How have you leveraged the alumni network over the years?

I have tried to keep in touch with some of my fellow analysts from 20 years ago. I sense a little bit of pride and a smile comes to my face every time I see a name in print from one of my contemporaries, be that somebody who’s gone into journalism or gone into business or fund management or lots of different sectors. It is always nice to see a name pop up from those times at McKinsey.

Who inspires you?

The most inspirational figure in my life is my late father. He came to the UK in the late ’60s as an immigrant from India pretty much with ten pounds in his pocket. He was a self-employed market trader – “markets” in the flea market sense of the word, not the City markets. It is a classic immigrant story in the sense that what money he made he spent on educating his kids. He also loved talking to his sons about business and commerce, and he filled us with ambition and self-confidence. When I think about everything I’ve done in business, a large part of it is just that it’s in my DNA.

Who else has influenced you?

I’ve been business partners with my younger brother, Bobby, for the last 20 years. There’s a Punjabi saying from our childhood that we both believe in: “one plus one equals eleven.” He has been shoulder to shoulder with me throughout my business career, and I do believe that we’ve both been more effective by virtue of that relationship.

What accomplishment either personal or professional are you most proud of?

The business went through its IPO in June of 2014 and in London, we have an electronic version of the ringing of the bell that you will all know from the TV screens in New York. It’s 8:00 in the morning. You’re on the balcony at the London Stock Exchange building. They’ve got large screens and a countdown to the moment that your shares are listed. I had the management team and my family around me and at that moment, it was a bit of a struggle to hold back the tears because we were very proud of the fact that the business had grown from 20 shops to being a listed business. I’m told it’s the largest-ever flotation of a retail business in the London Stock Exchange history, which was a nice little accomplishment. It was an emotional moment. It was a milestone that, when I’m retired, I’ll no doubt look back on with a lot of fondness.

What would your 20-year-old self think about what you’ve accomplished?

I’m the first to accept my brothers and I have been very lucky. We went into discount retailing just before an extended period of tough economic times – in other words, a good time to be a discount retailer. I’d like to think my 20-year-old self would have the wisdom to say, “Crikey, you landed on your feet there, guys. That was fortunate.”

Who and what is most important to you in your life?

I do believe it’s not a coincidence that a disproportionate number of very successful entrepreneurs have had the benefit of a very stable, supportive, long-term marriage or relationship or home life that’s allowed them to pursue their careers without the destruction of disconnects in their family life – so definitely my wife. Also, as I’ve mentioned, my two brothers. In terms of places, Delhi. I go back to India on a regular basis, and I have very fond memories of childhood holidays there. In the early days of our import business, it was in India that we started doing most of our importing, so I feel very connected to India. Another thing that’s important to me is an organization called YPO – Young Presidents Organization. It’s an American-based network of chief executives, and I have the pleasure and the honor of being Chairman of the chapter of YPO that is in the northwest of England. I’ve been in that network now for 12 years, and it’s been really valuable to me in terms of developing my leadership skills and my business interests generally.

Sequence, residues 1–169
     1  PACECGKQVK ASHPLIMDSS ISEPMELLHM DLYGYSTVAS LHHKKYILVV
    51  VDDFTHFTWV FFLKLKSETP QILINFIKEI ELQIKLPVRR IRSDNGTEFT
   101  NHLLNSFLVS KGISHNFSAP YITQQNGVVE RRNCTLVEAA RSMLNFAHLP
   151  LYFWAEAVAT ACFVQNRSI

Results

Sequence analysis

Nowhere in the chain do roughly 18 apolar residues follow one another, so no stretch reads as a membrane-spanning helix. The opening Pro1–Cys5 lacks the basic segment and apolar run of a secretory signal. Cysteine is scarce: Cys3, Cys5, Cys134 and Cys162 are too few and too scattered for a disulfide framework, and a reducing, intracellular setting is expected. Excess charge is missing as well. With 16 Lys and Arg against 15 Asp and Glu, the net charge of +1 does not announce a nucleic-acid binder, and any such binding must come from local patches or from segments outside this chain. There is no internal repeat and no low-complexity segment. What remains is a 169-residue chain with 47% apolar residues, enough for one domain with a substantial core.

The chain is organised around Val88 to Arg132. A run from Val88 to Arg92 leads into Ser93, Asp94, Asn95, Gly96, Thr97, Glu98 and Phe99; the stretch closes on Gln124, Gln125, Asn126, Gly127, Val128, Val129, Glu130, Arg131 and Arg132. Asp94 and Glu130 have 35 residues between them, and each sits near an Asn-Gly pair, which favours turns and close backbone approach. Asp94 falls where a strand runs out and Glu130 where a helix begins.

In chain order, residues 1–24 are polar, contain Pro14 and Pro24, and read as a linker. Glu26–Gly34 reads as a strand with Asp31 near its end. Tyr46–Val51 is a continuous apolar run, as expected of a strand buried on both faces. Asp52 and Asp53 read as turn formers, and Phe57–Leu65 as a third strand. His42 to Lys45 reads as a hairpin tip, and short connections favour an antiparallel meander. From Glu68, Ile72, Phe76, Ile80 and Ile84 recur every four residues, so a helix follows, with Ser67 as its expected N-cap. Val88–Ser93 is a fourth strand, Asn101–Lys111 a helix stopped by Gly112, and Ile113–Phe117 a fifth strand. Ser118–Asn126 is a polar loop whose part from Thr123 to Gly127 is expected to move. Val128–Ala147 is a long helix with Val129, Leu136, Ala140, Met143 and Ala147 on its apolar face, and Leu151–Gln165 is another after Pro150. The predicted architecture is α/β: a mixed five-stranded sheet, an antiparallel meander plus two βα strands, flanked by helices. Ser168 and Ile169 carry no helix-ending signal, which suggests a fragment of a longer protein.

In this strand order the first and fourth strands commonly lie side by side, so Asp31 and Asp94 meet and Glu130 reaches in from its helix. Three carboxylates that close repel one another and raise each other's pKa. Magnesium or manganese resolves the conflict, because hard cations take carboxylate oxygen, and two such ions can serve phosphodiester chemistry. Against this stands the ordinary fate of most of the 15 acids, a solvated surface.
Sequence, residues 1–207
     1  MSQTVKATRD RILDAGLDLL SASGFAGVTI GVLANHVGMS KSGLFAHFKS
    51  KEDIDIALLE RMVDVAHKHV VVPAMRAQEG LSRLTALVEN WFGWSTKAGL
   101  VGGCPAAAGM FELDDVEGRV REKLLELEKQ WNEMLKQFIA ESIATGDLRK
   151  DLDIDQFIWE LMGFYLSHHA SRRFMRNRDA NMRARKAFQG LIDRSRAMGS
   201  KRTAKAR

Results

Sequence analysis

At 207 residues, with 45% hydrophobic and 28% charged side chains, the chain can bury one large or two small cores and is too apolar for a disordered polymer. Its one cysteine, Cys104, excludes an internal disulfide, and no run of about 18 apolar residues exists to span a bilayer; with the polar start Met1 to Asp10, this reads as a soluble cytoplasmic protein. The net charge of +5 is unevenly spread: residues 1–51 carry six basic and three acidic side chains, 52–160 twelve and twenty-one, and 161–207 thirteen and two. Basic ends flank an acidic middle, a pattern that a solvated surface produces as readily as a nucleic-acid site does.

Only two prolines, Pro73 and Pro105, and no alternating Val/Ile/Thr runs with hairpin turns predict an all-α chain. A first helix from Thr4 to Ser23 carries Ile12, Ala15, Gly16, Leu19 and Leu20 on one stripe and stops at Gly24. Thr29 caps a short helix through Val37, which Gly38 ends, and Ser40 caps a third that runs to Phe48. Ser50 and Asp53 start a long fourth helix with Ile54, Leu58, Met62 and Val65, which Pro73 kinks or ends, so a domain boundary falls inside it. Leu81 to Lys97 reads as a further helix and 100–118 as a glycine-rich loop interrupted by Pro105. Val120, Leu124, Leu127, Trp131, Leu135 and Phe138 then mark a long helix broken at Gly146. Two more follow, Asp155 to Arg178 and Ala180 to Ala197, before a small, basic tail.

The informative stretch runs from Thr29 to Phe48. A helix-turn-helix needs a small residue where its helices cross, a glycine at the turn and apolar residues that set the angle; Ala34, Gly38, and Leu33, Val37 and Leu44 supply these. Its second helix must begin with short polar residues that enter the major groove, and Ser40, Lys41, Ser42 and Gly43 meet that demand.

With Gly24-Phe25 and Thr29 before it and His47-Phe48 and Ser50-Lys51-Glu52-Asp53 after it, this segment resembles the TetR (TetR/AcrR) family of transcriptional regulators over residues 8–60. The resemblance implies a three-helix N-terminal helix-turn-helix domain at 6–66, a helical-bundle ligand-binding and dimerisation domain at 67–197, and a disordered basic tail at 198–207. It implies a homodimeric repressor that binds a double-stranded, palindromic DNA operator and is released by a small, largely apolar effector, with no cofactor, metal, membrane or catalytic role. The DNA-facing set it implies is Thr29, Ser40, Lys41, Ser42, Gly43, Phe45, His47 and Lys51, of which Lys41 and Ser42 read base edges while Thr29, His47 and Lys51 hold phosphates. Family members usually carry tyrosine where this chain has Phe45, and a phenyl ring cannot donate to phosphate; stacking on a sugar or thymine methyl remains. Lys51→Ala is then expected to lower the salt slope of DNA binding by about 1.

What is the last book you read?

I read a lot of business leaders’ biographies or autobiographies. The last one I read is “A Bazaar Life,” by David Alliance. He’s an entrepreneur who came to the UK and in particular, Manchester, my hometown, in the 1960s. It was a fascinating read. I loved learning about his early days in Manchester building and running what became one of the world’s largest textile companies. It very much reminded me of my own late father’s experiences of arriving as a penniless immigrant in the northwest of England.

What are your interests outside the office?

I love traveling. My favorite place in the world is somewhere I’ve not been before, wherever that may be. It sounds like a cliché but in my study on the wall, there is a large, oversized map with little pins in it representing places that I’ve been to either by myself or with my family. By the time I’m 70, I would like to be looking at a wall filled with pins.

Do you have any words of wisdom that you would like to share either with alumni, current consultants or people who are thinking about joining McKinsey?

What I recall as being very special about my time in McKinsey is that I was surrounded by really bright people. I would encourage everyone who’s fortunate enough to be within the firm to just embrace that, because it is very special.

I also reflect on the fact that although it’s a professional services firm and my firm colleagues were highly motivated by client service, I did sense that a lot of the people I was working with were also entrepreneurial people and they were interested in the process of entrepreneurialism and building businesses. I remember very fondly long conversations about that subject and business growth. I think one of the biggest misconceptions that people outside consulting have about the profession is that it’s not entrepreneurial. I actually think it absolutely is entrepreneurial, and that people within McKinsey do think that way quite often.